Pre-gaming: teenage life gambling

Jordyn Haessler, Staff contributor

The legal drinking age in the United States is 21, but we all know minors have always found a way to get into contact with alcohol. Why not? It is like a forbidden fruit to them. They have been told their whole lives they have to wait for it. They are teenagers, though. Their brains have not fully developed the parts that correspond with decision making. This doesn’t only cause them to pursue alcohol; it also causes them to make unthoughtful decisions while in possession of it. Pre-gaming is a recent trend that has caught the eyes of many minors. It involves drinking heavy and drinking cheap. What is pre-gaming? What are the dangers of it? Is there any way we can stop it?

According to Medical Daily, pre-gaming is the act of “heavy drinking at home before heading out to a bar, club, or social venue.” This means instead of people slowly drinking throughout the night, they consume a large amount of alcohol at once and then head to their destination. There can be many reasons for teens, or even adults, to pre-game. John Haessler, father of two, stated, “Some adults might engage in pre-gaming to avoid expensive alcohol at bars.” It is widely known among people above the drinking age that alcohol can be up to two times as cheap when buying from a general store or alcohol distributor rather than buying it from a bar or club. This explains why adults pre-game, but why do underage people do it? Jake Lentz, a senior at Pleasant Valley High School, put it simply, “High-schoolers pre-game because it is illegal for them to drink everywhere. Whether they are going to a party or a school dance, they pre-game because they want to avoid getting caught drinking in public.” These teenagers take a huge risk and many will find out why the drinking age is set at a minimum of 21.

Pre-gaming and its risks are a bigger problem in the United States than in many other countries. Live Science claims it is due to the United States’ drinking age being higher than most countries. This, in turn, means there are more minors in the United States that can engage in illegal drinking. Research shows people who pre-game are likely to drink more than people who drink casually throughout an event. Brandon Letney, a senior at Pleasant Valley High School, says, “When teens pre-drink, they are not just doing it to get a couple drinks into their body, they are usually looking to get extremely drunk.” This causes more risky decision making, which the teenage mind already has problems with. Drinking heavily was also shown to be linked to teenagers being unaware of taking other substances. Letney says this is called “cross-fading, which is usually intensified by peer pressure.” There are many dangers to pre-gaming. Is there anyway we can prevent these dangers from happening?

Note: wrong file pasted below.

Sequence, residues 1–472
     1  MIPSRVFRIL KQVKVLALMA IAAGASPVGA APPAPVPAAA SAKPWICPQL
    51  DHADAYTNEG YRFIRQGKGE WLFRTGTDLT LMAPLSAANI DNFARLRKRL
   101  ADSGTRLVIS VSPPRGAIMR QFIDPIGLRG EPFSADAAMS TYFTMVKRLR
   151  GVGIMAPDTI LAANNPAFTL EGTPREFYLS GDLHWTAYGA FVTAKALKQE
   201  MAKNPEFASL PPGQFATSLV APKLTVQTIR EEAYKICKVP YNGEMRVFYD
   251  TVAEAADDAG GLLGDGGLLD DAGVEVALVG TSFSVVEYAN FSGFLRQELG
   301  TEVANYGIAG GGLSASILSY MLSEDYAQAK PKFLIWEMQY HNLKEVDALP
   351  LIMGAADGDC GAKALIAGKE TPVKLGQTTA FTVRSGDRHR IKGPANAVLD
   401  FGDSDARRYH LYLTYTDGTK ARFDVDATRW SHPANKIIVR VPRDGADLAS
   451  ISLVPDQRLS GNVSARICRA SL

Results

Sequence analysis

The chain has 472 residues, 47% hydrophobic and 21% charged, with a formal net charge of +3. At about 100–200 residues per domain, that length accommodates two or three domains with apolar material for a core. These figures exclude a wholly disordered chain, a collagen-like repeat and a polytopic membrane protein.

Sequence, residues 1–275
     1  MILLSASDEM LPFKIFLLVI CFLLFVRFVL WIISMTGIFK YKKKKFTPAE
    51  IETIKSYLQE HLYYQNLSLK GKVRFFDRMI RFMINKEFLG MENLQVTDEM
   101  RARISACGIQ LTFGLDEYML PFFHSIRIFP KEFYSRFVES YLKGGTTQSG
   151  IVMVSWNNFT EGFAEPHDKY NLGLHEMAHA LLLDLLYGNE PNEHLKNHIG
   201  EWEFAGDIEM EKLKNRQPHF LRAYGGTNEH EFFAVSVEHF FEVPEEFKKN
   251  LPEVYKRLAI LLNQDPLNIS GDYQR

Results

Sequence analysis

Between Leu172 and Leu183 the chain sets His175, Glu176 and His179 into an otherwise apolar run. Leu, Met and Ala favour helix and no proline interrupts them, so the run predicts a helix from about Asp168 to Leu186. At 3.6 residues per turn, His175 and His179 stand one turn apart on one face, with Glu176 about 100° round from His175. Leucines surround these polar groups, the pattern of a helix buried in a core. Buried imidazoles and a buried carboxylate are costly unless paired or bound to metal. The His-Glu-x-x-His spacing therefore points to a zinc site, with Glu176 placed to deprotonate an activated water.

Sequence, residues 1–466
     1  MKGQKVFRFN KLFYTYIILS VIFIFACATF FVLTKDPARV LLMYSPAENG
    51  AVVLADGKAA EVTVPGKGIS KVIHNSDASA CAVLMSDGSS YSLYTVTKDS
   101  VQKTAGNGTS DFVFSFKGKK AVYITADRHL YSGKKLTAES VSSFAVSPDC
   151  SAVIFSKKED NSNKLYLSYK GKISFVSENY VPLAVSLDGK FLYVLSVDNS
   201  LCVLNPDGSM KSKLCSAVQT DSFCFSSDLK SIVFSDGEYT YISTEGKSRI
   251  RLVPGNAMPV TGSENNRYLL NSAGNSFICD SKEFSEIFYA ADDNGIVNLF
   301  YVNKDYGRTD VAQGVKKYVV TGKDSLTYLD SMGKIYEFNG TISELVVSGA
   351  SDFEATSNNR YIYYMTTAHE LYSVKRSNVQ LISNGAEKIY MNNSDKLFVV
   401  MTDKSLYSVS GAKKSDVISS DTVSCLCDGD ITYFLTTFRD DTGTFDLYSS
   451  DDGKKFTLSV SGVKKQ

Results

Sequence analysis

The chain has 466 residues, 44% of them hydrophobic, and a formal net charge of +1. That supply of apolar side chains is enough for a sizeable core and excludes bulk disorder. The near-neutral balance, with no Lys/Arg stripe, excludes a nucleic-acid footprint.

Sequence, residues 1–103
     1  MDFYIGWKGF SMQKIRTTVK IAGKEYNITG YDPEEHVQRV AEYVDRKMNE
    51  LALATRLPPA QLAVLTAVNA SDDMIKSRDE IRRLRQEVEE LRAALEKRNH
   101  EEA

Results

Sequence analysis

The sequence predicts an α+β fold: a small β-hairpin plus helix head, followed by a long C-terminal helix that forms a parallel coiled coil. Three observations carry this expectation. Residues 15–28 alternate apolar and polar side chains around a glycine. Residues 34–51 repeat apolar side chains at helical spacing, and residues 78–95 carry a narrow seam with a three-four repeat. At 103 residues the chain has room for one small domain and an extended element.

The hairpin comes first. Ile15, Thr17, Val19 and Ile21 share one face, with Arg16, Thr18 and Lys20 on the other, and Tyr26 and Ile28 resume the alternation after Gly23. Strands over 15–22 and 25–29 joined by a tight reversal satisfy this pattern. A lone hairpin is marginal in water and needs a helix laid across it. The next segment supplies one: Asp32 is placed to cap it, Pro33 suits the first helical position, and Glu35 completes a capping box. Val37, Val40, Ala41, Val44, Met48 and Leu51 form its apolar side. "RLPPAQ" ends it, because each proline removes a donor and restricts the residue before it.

Stopping pre-gaming is a very hard thing to do. Teenagers seem to always find a way to get what they desire. One way suggested by many was to reduce the availability of cheap alcohol. This would cause many problems. Many people would claim the government was trying to control the free market. A more rational approach, at least for teenagers, would be for parents to talk more openly about alcohol use. Haessler stated, “It is important to be open with your kids about the dangers of consuming alcohol. Having discussions can go a lot further than just always saying it is bad for them without giving a reason why.” Many psychologists have also agreed that this is the best way to approach an alcohol problem. The most important thing is for teens to not see alcohol as a forbidden fruit; they should see it as something they can wait for.

With open talk and more honesty, the United States may be able to combat the growing pre-gaming epidemic. If teenagers could understand the risks that come with it and if adults could find a way to discuss it with their kids, then it is possible we could deal with fewer underage tragedies in the coming years.